Artin’s Criterion, Part II

In this post I want to sketch the proof of “Artin’s criterion”, following Ahlfors’ book as referred to in my previous post (and presumably following Artin himself, though I still have not come up with any original reference to him).  The argument generalizes easily to \((n-1)\)-dimensional cycles in an open subset \(\Omega\subseteq {\mathbb R}^n\), but for simplicity I will stick to the planar case.

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Artin’s Criterion

Picture of Artin

Emil Artin, picture from Wikipedia

There’s been a long lull in updates to this page.  I’ve posted elsewhere about the reason for that: in brief, I was found to have cancer, and subsequent treatments have kept me busy for months.  You can read about this on my personal website, but I’m not going to write more about it here.

Meanwhile though I have been slowly writing up a book-length version of my MASS 2013 course, “Winding Around”, whose central theme is “The Winding Number in Topology, Geometry and Analysis”.  As I was “winding around” myself and trying to complete Chapter 5 in a way that was satisfactory, I ran into an interesting “gap” in my own understanding.  This is related to the homology version of Cauchy’s theorem.  This is usually stated in the following way.

Theorem  Let \(f\) be a function that is holomorphic on an open subset \(\Omega\subseteq\mathbb C\), and let \(\Gamma\) be a cycle in \(\Omega\) that is nullhomologous, this being defined to mean that the winding number of \(\Gamma\) about each point of \({\mathbb C}\setminus\Omega\) is zero.   Then

\[ \int_\Gamma f(z)dz = 0. \]

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The Big Question About Limit Operators II

In the first post in this series, I gave some background to the “Big Question” on limit operators which it appears that Lindner and Seidel have solved for the case of free abelian groups.  In the next couple of posts I want to sketch some of the key ideas of their proof and to explore to what extent it can also be generalized to all exact groups (in the same way that I generalized the basic theory of limit operators to all exact groups in my 2005 paper).

There are two components to the L-S argument, it seems to me.

  • a localization property for the “lower norm” of a finite propagation operators, and
  • a “condensation of singularities” argument.

In this post we’ll look at the first of those. Continue reading

The Big Question about Limit Operators I

A recent paper on the ArXiv (see bibliography below) is entitled “An Affirmative Answer to the Big Question about Limit Operators”.   I want to do a series of posts about this paper.  In this one I will try to explain the background, at least in the most elementary (Hilbert space) case.  In this introduction I will begin by re-expressing matters in the language of coarse geometry, following my paper (also in the bibliography below).

The basic setting is a discrete group \(\Gamma\) with a (left-invariant) word metric; in the usual literature about limit operators this group is \(\mathbb Z\) or \({\mathbb Z}^n\), but there is no particular need for this restriction.  Let \(A\) denote the rough algebra of \(\Gamma\), that is the C*-algebra of operators on \(H=\ell^2(\Gamma)\) generated by \(\ell^\infty(\Gamma)\) together with the right translations by elements of \(\Gamma\); equivalently, the closure of the bounded finite propagation operators on \(H\).  If \(T\in A\), then all the translates \(L_\gamma T L_\gamma^*\) also belong to \(A\), and indeed it is easy to see that they form a precompact subset of \(A\) in the strong (or *-strong) operator topology.  The set of *-strong limit points of this subset is called the \emph{operator spectrum} of \(A\) and denoted \(\sigma_{op}(A) \). Continue reading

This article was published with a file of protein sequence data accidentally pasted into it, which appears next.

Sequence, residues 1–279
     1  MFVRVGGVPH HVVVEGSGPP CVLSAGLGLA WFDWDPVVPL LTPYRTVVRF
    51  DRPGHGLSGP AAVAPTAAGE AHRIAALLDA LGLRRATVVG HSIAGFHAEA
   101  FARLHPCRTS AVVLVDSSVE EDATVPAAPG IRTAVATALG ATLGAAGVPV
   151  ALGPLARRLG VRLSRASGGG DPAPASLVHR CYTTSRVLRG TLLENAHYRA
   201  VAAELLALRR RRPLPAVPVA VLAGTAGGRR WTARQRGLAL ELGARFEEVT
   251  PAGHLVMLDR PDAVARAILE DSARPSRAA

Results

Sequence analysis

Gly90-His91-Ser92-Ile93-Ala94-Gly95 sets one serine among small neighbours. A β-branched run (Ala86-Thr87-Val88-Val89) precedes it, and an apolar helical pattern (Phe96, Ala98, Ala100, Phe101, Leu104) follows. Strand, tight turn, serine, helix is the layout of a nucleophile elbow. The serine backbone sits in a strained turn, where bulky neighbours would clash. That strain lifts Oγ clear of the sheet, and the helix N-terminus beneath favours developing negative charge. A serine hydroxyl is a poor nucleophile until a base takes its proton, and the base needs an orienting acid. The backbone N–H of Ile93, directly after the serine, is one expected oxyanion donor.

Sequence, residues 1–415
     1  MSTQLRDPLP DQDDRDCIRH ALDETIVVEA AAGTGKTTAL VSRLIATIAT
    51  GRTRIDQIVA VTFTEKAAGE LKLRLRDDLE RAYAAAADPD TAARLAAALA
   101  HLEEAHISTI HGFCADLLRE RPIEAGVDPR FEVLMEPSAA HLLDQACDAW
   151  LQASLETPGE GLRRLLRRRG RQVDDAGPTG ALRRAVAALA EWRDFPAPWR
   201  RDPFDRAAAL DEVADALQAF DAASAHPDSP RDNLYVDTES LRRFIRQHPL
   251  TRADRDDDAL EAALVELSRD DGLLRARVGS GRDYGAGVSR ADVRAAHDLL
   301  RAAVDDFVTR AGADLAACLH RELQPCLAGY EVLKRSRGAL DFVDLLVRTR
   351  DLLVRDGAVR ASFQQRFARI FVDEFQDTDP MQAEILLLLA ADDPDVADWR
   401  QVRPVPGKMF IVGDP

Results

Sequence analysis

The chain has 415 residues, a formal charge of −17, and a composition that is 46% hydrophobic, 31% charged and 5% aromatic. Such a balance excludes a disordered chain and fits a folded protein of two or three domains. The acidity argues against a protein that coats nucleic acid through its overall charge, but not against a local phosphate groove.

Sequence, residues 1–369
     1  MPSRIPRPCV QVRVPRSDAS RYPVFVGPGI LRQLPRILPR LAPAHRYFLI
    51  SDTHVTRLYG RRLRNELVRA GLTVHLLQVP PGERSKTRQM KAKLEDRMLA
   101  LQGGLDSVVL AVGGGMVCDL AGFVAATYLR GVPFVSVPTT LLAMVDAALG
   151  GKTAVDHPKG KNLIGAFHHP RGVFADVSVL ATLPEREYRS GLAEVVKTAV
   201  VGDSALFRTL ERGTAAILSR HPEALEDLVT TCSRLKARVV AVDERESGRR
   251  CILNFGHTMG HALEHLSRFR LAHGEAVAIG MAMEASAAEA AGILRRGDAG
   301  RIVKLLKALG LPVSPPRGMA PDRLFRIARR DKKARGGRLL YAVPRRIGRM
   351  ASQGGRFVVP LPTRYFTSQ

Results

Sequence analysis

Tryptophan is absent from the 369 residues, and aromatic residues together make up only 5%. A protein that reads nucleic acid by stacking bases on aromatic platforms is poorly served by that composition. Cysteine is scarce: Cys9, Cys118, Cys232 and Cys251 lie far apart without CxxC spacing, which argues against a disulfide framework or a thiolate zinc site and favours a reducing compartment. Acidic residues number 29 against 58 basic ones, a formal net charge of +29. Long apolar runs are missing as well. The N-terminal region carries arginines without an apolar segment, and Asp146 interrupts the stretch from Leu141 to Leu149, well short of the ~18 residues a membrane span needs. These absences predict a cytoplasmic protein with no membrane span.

Math 312 and “structured proving”

This coming semester I will be teaching a couple of sections of Math 312, which is the introductory real analysis course at Penn State.  The only prerequisite for this course is Calculus II (Math 141) and, in particular, students are not required to have taken an “introduction to proofs” course; though, in practice, many of them will have done so.

I have long thought that in teaching a first or second proof-based course, especially in analysis with lots of quantifiers floating about, one should try to emphasize the “block structured” nature of proofs, analogous to the block-structured nature of a programming language like C.  I had the impression that I came up with this idea for myself, but Dan Velleman wrote a whole beautiful book (How to Prove It) from this perspective, and I know I read the first edition of that book when I was in Oxford, so probably that is where I became aware of this point of view.

Anyhow, I spent a day writing some TeX macros to format “block structured” proofs.  Follow this link for a few examples.

One of the pleasing things about structuring proofs this way is that one can describe how a proof is constructed, by compressing the lower-level data.  Here for example are compressed versions of the three proofs above.

The symbol \( \require{AMSsymbols}\blacktriangle\quad\blacksquare\quad\blacktriangledown \) for the omitted material is supposed to remind students that there are three ways to look: “up” for the givens at this point in the proof, “down” for the goals for which this part of the proof is reaching, and “across” to construct some argument linking the local givens to the local goals.

Does anyone have experience using this sort of explicitly structured proof in Analysis I? How did it work out?